Pain is not gain for adolescent athletes

Pain is not gain for adolescent athletes

You know that adolescent sports have changed when a 13-year old soccer player named Freddy Adu signs a contract with Nike. A year later, Adu becomes the highest-paid American pro soccer player, raking in a cool $500,000 a year.

But even though Adu is playing professional soccer, he’s still a growing boy. “Pediatric athletes are not little adults. They are still growing and developing, which puts them at higher risk for serious injuries,” said Mininder S. Kocher, MD, MPH, during a media briefing held yesterday.

Injury rates increasing

Serious injuries in young athletes are occurring at higher rates and younger ages than ever before. Among children age 5 to 14 years old, 40 percent of all visits to the emergency department are for sports injuries. According to Dr. Kocher, it is not uncommon to see injuries to the anterior cruciate ligament (ACL) in children as young as 9 or 10 years old. These ACL injuries can present real challenges to the orthopaedic surgeon. Surgery to repair the ACL may be needed, but surgery can “cause growth plate disturbances” as well as other problems, says Dr. Kocher. Growth plates are also particularly vulnerable to injury in contact sports like football and basketball.

Shoulder injuries are another problem for pediatric athletes. In the past, Dr. Kocher rarely saw patients entering high school who had already had shoulder injuries serious enough to require surgery. Now most of the post-middle school and junior-high school students he sees have had shoulder surgery.

In the youngest patients, “Little League elbow” is common. Several studies have found a high incidence of chronic elbow and shoulder injuries in young pitchers. Approximately 60 percent of 11-to-18-year old players have had an injury that was due to repetitive motion and overuse of the elbow and shoulder. Similar overuse injuries are also found in gymnasts.

Defining the problem

These injuries can occur if little or no attention is paid to what type of pitches a young player is being asked to make, or to the number of pitches thrown during a game or practice session.

Proper training and equipment along with an understanding of the biomechanics of young people’s bodies are critical to stemming the tide of serious injuries and surgeries.

Coaches often lack the training to understand the impact of these highly competitive sports on young bodies and to help players avoid sports injuries. In Europe, coaches receive medical training and must be certified. Coaches in the United States do not need any training or licensing. Coaches who want to win games—and parents who want successful child athletes—can put intense, unrelenting pressure on young athletes.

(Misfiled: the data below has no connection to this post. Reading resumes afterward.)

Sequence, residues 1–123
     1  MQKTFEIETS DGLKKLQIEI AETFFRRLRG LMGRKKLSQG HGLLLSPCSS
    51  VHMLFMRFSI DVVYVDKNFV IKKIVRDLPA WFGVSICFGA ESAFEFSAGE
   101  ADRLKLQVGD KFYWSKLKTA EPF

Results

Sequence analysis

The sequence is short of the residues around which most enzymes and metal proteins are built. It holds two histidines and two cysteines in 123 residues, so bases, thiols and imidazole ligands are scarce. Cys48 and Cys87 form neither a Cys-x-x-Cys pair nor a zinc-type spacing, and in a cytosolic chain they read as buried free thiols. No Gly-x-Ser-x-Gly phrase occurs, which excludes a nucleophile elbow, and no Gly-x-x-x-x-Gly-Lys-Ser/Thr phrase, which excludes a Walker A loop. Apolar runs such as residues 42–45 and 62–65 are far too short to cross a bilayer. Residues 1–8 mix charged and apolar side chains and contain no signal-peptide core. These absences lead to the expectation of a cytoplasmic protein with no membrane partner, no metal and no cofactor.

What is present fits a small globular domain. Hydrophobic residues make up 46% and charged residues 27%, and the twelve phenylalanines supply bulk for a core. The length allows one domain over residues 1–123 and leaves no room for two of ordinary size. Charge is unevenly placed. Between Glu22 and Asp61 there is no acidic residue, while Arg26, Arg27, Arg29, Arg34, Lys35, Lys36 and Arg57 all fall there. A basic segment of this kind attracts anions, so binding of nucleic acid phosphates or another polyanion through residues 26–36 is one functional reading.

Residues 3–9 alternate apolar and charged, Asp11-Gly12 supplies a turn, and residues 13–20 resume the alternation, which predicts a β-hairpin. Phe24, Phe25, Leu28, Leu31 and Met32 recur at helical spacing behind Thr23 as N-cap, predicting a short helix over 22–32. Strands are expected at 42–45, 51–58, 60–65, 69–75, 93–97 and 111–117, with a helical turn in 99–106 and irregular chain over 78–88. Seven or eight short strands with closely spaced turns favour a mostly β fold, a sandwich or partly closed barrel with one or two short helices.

In part, the problem exists because parents want their children to participate in sports for different reasons than do their kids who want to play. It is important to bring those two sets of expectations into line. Dr. Kocher gives the following advice to parents of young athletes: “Understand your child’s goals when playing sports. Your child’s goals could be very different than your own.”

Young people cite wanting to have fun as the number one reason they want to play sports, followed by being with their friends. For many children, sports participation ceases to be fun when winning become the goal.

Up to 70 percent of all young athletes drop out of sports by age 14. That statistic is a real concern for doctors and parents who are worried about the growing incidence of obesity in adolescents.

Don’t ignore pain

A mentality of “no pain, no gain” among some coaches and parents also contributes to the increasing frequency of serious sports injuries. Dr. Kocher encourages adults to seek medical help when children and adolescents experience pain.

“Pain is an important signal that there could be a more serious problem. It shouldn’t be ignored,” he says. Dr. Kocher also cautions parents not to let children participate in only one sport. “I think kids are being forced to focus on a single sport at an earlier age as competitive intensity has ramped up. This may actually lead to an overuse injury.”

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